Fall foliage at its best near the Trapp Family Lodge in Stowe, Vermont.
Best Time to Visit
Understand that Mother Nature decides when fall colors begin to emerge in New England and not the Weather Channel scientists analyzing if a late spring or summer drought will herald an early or late fall with muted colors.Most people want to see peak foliage – this is the time when the leaves are their most brilliant colors of mixed yellow, orange and red. But the fact is that finding a peak viewing time is an inexact science dependent on a location at a particular moment. Colors can be brilliant two weeks before and after peak and even different from one mountain to another.
Traditionally, Columbus Day weekend in October is considered the best time to visit for great foliage color. Columbus Day is the second Monday in October. I would not argue against this but then again it seems most of the world visits New England this weekend as well. And frankly depending on when Columbus Day actually falls it can be too early or late for many locations.My best advice is for you, is to plan to visit during the first three weeks of October and be prepared to drive and explore. Early to mid-October peak foliage will be focused in the northern New England states of Vermont and Maine while mid to late-October in the southern regions of Massachusetts and Connecticut.
Which brings us on to the next most popular question of where to go?
Best Destinations to Visit
An old barn sits in the countryside at peak leaf peeping season.
One of the things that make New England so special is its coastline. But with rare exceptions, when it comes to fall foliage color these are not the best destinations for leaf peeping. The brilliant yellow, reds and oranges of fall are predominately reserved for inland locations and in the hilly and mountain regions of Maine, New Hampshire and Vermont. The Maine Woods, Great Woods of North Hampshire and Northeast Kingdom in Vermont all hug the Canadian border and peak season comes in early October to these areas.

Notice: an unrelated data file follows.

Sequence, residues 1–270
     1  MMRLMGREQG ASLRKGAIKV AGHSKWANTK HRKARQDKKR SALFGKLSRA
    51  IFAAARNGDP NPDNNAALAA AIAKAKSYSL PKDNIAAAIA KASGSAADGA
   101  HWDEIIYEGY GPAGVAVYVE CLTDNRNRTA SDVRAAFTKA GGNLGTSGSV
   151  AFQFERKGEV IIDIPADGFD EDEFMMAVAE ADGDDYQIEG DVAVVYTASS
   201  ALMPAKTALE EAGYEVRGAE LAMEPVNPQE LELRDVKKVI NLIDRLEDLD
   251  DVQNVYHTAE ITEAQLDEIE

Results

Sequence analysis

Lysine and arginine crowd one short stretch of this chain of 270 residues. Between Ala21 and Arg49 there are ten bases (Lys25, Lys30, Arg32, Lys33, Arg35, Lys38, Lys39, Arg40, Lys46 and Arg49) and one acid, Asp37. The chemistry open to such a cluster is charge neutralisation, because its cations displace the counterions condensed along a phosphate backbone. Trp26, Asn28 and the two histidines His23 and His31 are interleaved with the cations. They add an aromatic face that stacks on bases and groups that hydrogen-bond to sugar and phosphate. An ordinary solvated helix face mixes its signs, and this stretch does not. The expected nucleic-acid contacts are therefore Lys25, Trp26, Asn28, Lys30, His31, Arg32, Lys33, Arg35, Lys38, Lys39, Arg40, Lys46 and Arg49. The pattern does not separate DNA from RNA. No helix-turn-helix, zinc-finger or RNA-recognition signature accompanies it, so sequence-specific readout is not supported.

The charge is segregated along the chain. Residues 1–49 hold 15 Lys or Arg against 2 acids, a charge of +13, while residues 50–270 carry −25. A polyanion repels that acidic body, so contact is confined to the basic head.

Vermont’s Northeast Kingdom is vast and full of surprises with villages, lakes, country stores and friendly folks willing to share why this is the best place on earth and not just in the fall. The northern woods in Maine and New Hampshire is remote and stunning and you’re more likely to be sharing space with an animal than another person. As the fall moves south to cover the White Mountains and Green Mountains the peak color seems to accelerate in time for Columbus Day weekend and the crowds of leaf peepers. Destinations such as Jackson and North Conway, NH are starting points for the drive across the awe inspiring Kancamagus Highway and the 100-mile White Mountains Trail.